This is a book about the town of Cadaqués, best known nowadays for the house-museum of Salvador Dalí, who lived and worked in the adjacent Portlligat from the early 1930s for some 40 years, attracting many famous visitors.
It is an account of the better part of a year spent in a flat right on the seafront by this long-time Barcelona-based British writer, Ryan Chandler, and his Catalan wife. Shortly after the October 2017 referendum, they escaped the ensuing storm and tensions for this very beautiful, distinctive and still somewhat isolated place near the top of the Costa Brava.
Chandler speaks good Catalan and is obviously well adjusted to life here – important to note given the view he presents of Cadasequencs as essentially a closed-off, hermetic bunch, despite having tolerated a long series of bohemians, hippies and other eccentrics in their midst: ‘These funky outsiders are now so much a part of what the place has become. And yet, they’re not.’
You may go there, even move in there, but this era of mass tourism has still not entirely broken through the age-old hermeticism and cronyism of the local inhabitants.
Chandler is a sensitive, empathetic observer, explorer and participant in the life of the town. He modestly calls the book ‘a scrapbook-diary’; it is both and much more.
It consists of short chapters on many themes – from a history of the area to vivid descriptions of particular corners in and around the town, to local characters present and past, a day in the life of the writer, funny or frustrating incidents, musings and magical moments, plus useful and amusing snippets on local restaurants and bars, a few poems, and some funny little virtual chats.
Besides, he lightly weaves in the emotions of the moment in Catalonia and briefly notes the days of imprisonment of Jordi Cuixart in the so-called procès. But the book is not at all sloppy. The writing is lively, smooth and witty, and every little piece enhances your sense of the place.
You end up with a clear, personalised but very well-informed view of the town and its inhabitants, and how it and they came to be as they are. You will also find the striking illustrations by Cadaqués artist Javier Aznarez, which in themselves are enough to make me want to return and find more of his work.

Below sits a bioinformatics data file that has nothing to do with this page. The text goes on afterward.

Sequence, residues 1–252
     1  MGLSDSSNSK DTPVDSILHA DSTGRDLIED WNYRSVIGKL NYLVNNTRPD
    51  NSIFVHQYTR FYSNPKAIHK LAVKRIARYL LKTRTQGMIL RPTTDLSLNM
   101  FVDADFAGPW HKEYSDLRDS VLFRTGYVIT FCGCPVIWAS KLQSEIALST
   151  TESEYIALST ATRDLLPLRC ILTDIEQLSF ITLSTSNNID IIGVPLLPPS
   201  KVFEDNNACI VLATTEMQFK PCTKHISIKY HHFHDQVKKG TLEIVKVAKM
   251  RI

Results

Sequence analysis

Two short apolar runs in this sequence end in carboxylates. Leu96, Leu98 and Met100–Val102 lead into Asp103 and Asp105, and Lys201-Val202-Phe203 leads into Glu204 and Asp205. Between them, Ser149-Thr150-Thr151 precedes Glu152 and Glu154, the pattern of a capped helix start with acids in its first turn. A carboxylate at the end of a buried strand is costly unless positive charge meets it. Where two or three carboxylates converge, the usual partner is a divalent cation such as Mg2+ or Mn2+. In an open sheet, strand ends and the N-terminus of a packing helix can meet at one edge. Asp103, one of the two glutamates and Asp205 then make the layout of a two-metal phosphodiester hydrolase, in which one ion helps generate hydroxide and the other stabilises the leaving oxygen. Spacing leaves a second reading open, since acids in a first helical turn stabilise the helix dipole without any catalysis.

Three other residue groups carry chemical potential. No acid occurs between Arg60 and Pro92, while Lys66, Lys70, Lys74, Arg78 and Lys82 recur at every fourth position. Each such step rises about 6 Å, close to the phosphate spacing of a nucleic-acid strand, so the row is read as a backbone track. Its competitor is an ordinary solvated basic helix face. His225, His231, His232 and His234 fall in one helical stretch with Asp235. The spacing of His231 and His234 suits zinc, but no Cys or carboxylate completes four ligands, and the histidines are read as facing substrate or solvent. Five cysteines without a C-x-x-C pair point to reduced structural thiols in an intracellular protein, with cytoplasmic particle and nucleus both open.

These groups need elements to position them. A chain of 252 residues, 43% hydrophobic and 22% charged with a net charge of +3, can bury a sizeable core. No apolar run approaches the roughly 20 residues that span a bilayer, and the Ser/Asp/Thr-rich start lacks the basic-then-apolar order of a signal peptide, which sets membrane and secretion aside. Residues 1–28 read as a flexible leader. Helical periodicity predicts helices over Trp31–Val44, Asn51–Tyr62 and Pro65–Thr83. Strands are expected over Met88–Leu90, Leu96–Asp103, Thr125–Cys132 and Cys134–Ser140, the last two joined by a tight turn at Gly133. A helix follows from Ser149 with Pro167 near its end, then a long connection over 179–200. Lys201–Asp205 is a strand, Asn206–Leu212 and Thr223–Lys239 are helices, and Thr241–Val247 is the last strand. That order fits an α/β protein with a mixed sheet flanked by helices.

This year-long sojourn stretches from winter to winter, with much coming and going. We see the changes, as much is closed in the winter months and the fierce Tramuntana wind may blow, while in July and August the population multiplies tenfold, traffic jams form on the road over the mountains and there is no parking left in the town, so some cars actually have to turn back.
Until the late 1800s Cadaqués was only accessible by sea, and even today that one short road has such tight hairpin turns and steep drops that it is not to be used lightly. The twisting road, along with the ‘mad bus driver’ (who is both angry and wacky), play a major role throughout the book.
The town has been through centuries of raids by pirates, several unavoidably sweeping transformations in its economy, and a period of major emigration to the Americas, from which some returned to flaunt and invest their wealth in the town, as did those so-called Americanos in other places around Spain, like Sitges. Due to its long isolation, it has kept its own distinct dialect of Catalan, and that ‘us with us’ or ‘nos amb nos’ mentality to a large extent.
The reader will discover along with Chandler why Cadaqués has long attracted artists and eccentrics, and the role that the surreal landscape of adjacent Cap de Creus, where the Pyrenees tumble into the sea, played in the development of Dalí’s art and in the attraction of the place.
The relative isolation, the winds of the ‘Wild Coast’, the nearby mountains left bare since a plague killed off the vineyards that once rose on the stone terraces, the white village itself whose steep slate streets clamber up the hillside to the church and reach right down to wrap around the inlet where the tall houses practically plunge into the sea, the astonishing landscape of Cap de Creus with its slate shapes moulded by wind and weather, and the sheltered location and orientation that make for long dawns and twilights, all combine – perhaps with other, mysterious tectonic forces – to make for a very special place. It’s all there in ‘Us with Us’ – a vivid and witty read.
‘Us with Us – Cadaqués. It all happened but it might not be true’ by Ryan Chandler. Published by Barcelona INK Books.
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